What can you do with a PhD in Victorian or nineteenth-century studies? Plenty of things, including – but by no means limited to – an academic career!
Undertaking a PhD is an enriching but exhausting experience. Deciding what to do afterwards can be another challenge, especially when contending with the realities of the academic job market, or if you’re unsure whether an academic career is for you. To support PGRs and ECRs through this stage, BAVS will be holding a careers training day aimed at scholars of the Victorian period and long-nineteenth century to be held at the University of Warwick on the 18th June.
This event is tailored to address the needs of PGRs and ECRs who wish to pursue careers either within or outside traditional academic paths. The need for specialised training has been emphasised by a recent Vitae report ‘One Size Does not Fit All’. It found that many PGRs and ECRs in the Arts and Humanities wish to pursue professional development training but feel underserved by available opitons. Such training is especially necessary in light of the fact more than half of Arts and Humanities doctoral graduates go on to have a career outside of Higher Education within three years of graduation. Consequently, the report advocates for a cultural shift in which Arts and Humanities researchers are actively encouraged to undertake discipline-appropriate professional training and career planning from an early stage.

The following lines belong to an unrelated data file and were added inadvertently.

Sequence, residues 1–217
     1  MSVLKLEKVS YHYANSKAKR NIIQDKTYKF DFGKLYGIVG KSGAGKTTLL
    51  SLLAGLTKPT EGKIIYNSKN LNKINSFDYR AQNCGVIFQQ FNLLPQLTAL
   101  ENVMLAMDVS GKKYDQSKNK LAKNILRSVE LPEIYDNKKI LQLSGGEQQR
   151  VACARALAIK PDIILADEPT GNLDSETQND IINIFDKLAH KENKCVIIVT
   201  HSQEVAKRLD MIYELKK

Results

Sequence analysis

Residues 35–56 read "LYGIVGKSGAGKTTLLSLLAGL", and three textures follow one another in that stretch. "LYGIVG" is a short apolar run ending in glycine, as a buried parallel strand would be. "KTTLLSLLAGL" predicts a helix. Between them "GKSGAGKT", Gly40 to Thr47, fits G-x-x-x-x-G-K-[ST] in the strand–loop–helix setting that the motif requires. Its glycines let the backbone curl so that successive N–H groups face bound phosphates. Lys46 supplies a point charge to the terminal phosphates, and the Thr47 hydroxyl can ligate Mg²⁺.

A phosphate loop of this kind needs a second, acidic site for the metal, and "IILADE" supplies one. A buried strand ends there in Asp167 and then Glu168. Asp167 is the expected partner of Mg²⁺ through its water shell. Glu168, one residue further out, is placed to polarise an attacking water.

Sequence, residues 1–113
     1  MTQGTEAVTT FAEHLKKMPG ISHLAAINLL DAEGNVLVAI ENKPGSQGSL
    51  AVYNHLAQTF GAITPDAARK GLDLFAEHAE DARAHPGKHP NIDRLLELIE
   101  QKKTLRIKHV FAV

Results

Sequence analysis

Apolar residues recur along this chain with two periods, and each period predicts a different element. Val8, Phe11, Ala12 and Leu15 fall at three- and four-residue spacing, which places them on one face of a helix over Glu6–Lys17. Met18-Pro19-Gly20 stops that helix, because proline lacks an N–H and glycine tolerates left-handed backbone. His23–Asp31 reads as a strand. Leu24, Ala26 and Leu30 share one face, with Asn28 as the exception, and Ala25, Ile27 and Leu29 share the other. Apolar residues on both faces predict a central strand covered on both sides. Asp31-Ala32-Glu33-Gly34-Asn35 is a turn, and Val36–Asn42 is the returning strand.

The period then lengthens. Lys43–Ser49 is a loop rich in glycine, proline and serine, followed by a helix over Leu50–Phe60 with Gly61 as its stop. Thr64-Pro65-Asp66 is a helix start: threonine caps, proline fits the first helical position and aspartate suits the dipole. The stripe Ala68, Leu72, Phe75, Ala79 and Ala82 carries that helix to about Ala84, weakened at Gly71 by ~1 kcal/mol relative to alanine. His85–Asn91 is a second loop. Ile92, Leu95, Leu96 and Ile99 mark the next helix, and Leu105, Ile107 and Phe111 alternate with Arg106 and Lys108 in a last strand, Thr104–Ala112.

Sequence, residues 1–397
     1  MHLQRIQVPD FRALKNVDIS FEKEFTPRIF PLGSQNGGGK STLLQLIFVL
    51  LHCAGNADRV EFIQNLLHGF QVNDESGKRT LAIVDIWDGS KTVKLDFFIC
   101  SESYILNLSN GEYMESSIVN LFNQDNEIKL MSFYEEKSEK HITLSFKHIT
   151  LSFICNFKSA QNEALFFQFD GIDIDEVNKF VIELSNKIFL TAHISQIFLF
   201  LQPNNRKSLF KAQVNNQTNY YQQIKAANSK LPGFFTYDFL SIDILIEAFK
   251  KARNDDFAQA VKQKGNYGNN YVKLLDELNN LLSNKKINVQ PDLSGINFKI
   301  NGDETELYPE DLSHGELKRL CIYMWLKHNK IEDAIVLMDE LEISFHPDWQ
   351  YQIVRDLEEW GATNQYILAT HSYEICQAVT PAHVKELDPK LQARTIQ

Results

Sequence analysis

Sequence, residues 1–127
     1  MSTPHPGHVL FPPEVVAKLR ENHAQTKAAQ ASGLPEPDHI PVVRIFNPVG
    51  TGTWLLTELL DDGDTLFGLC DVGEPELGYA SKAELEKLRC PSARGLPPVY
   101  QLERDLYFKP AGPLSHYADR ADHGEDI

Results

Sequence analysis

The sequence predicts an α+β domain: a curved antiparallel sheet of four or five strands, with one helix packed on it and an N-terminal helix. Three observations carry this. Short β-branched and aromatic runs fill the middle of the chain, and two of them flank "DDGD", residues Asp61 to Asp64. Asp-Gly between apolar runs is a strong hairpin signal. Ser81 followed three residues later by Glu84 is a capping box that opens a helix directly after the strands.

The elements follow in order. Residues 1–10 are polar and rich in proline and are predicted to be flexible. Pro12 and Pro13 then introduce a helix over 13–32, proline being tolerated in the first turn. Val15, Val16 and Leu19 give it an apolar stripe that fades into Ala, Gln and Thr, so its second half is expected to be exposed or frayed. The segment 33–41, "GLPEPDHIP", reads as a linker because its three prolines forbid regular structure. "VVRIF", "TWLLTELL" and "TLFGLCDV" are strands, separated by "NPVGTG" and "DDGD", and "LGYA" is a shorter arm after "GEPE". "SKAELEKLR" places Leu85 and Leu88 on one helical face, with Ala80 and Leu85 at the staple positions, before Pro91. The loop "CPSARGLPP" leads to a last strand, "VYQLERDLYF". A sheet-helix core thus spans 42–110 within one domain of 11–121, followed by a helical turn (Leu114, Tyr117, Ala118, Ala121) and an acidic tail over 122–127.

The day will begin with a keynote address by Dr Naomi Paxton, a researcher, writer, performer and AHRC/BBC Radio 3 New Generation Thinker 2014-15 who has worked at Parliament and for the BBC as well as within academia. She will draw on her extensive and diverse experiences inside and outside of academia to provide a stimulating talk celebrating the multi-faceted value of doctoral study.
As well as plenary sessions, the event will feature separate strands catering to those interested in (A) academic careers and (B) alternative careers.
For PhD students and ECRs who are interested in pursuing an academic career, the day will provide guidance on applying and interviewing for jobs in the UK, as well as special sessions on writing fellowship applications, and applying for jobs and working in HE abroad. The training will be delivered by University of Warwick staff, including members of academic staff from a range of disciplines who work predominantly on the nineteenth century and the Victorian period as well as the University of Warwick’s Careers Service personnel.
The day will also feature a dedicated strand of training for PGRs and ECRs interested in working in alternative or adjacent fields to academia. The University of Warwick’s Careers
Service will provide focused workshops that will equip those wishing to develop strategies to move into new sectors. Attendees will also receive additional insights and inspiration from a roundtable of post-PhD Victorian and nineteenth-century scholars employed outside of academia, working in a diverse range of fields.